In a brief series of ten articles over the next month, I want to explore the significance of the Ten Commandments. My aim is to show their value for our lives today throughout the series.
The Ten Commandments, or the Decalogue, even at 3000 years old, serve as the backbone to our moral, religious, and legal thought. When Moses walked down from Mount Sinai among the Hebrew people, little did he know that the two tablets he held in his hands would have such widespread influence across both time and space. Despite the distance between their introduction and today, these “ten words” represent a treasure of insight and wisdom.
The Bible tells us that Moses brought these two tablets down from the Mountain called Sinai and placed them in what the Hebrews called the Ark of the Covenant. This golden box was kept at the center of Israel’s Temple in Jerusalem in order to signify that God’s law was to be at the center of the people’s existence. In addition, it is important to consider that these ten laws were written by the very finger of God Himself to speak of their enduring value and permanence to every culture (Exodus 31:18). Again, God Himself wrote and spoke these words.
In light of their importance and in anticipation for my series to come, here are three reasons the Ten Commandments are important, even today.
1. They communicate the character of God. You get a sense of the value of the Ten Commandments when you understand they are repeated numerous times throughout the pages of the Bible. The prophets Jeremiah, Hosea, and Ezekiel all repeat aspects of them even though they lived centuries after God spoke these words to Moses. Even more importantly, Jesus Himself tells us that not one iota of the Ten Commandments will be relaxed until the end of time (Matthew 5:17-20). Each of these important religious figures point to the Ten Commandments as valuable in understanding the nature of God Himself throughout time.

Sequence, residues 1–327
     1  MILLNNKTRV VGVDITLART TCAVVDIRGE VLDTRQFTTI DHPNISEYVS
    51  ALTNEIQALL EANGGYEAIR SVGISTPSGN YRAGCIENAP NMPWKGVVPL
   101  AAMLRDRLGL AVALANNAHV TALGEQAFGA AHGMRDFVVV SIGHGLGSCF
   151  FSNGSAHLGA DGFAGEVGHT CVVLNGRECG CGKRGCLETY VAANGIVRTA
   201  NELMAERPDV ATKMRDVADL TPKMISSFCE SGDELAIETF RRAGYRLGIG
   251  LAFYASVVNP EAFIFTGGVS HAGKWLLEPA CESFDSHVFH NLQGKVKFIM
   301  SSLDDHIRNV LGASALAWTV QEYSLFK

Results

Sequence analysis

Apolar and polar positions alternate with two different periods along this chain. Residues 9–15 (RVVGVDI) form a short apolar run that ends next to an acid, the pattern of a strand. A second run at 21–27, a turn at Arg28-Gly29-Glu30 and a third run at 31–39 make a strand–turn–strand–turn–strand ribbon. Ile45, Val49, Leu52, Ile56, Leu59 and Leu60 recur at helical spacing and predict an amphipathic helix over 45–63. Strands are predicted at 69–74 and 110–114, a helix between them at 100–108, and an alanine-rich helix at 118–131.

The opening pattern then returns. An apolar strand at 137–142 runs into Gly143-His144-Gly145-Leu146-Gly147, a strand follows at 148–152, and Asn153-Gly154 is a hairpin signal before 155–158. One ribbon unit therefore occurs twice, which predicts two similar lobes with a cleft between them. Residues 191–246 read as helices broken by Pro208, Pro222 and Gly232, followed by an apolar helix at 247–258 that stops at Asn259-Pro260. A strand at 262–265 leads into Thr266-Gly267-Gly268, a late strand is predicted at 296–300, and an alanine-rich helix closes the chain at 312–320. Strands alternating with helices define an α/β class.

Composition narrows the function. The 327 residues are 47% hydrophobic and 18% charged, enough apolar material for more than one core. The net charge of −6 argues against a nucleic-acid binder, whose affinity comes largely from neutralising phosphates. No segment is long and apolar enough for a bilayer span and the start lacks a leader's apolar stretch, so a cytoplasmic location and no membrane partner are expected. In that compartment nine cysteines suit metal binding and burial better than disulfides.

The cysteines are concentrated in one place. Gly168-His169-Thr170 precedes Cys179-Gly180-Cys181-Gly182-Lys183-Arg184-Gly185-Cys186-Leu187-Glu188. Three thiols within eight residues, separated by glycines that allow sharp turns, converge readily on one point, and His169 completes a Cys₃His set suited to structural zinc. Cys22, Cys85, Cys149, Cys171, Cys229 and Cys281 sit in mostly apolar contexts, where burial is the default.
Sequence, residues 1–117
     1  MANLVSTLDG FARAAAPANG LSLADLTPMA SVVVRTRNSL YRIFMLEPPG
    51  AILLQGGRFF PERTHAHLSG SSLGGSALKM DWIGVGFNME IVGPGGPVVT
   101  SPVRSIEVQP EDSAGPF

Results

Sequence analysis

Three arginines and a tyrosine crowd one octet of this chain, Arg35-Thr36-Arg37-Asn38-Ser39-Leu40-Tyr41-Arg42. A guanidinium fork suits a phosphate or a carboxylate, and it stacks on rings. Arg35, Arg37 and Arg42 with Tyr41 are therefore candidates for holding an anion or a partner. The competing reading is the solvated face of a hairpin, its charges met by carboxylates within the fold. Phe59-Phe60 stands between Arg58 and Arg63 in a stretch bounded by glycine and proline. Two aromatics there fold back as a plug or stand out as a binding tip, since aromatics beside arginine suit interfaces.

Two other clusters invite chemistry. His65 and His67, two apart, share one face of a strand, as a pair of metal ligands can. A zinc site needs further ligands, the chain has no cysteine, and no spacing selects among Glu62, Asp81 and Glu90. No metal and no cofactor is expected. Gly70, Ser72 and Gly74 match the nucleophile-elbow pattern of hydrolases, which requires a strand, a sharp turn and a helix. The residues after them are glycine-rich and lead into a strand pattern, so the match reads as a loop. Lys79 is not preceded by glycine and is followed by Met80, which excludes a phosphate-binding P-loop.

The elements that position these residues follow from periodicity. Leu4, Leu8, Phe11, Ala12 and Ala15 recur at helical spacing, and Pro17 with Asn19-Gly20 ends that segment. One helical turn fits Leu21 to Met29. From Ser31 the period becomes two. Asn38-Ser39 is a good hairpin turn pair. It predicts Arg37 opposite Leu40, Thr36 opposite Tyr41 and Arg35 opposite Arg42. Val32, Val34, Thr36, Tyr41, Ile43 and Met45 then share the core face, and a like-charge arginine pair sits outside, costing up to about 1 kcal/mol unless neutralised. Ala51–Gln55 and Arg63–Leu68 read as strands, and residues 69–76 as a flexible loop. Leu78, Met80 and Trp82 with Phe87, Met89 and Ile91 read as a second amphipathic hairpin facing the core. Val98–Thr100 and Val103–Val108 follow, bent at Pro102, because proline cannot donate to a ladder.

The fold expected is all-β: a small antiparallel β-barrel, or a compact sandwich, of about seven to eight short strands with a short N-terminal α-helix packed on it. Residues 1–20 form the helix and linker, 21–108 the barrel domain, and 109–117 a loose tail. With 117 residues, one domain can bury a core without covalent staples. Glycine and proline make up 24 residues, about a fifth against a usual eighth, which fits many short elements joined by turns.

You can better understand God’s character through the Decalogue when you consider where the laws were first given. Exodus 19:7-25 describes the scene vividly. In the wilderness of Sinai, we are told the whole mountain was ablaze with fire as God showed the greatness of the Lawgiver, and not simply, His law. It is significant to understand that God chose not to reveal the Ten Commandments with the sweet sound of a harp and the song of angels, but rather with thick clouds and lightening. All of this reinforced the fierce power and splendor of His nature. The mountain itself began to shake while the dreadful scene was completed by the sound of a loud trumpet blast (Exodus 19:19). God told Moses to prepare to meet Him for a full three days before they came near the mountain. Even more significantly, the people were forbidden to touch the mountain as a line was drawn around its foot (Exodus 19:22). No wonder scripture rhetorically asks, “Did any people ever hear the voice of a god speaking out of the midst of the fire, as you have heard, and still live?”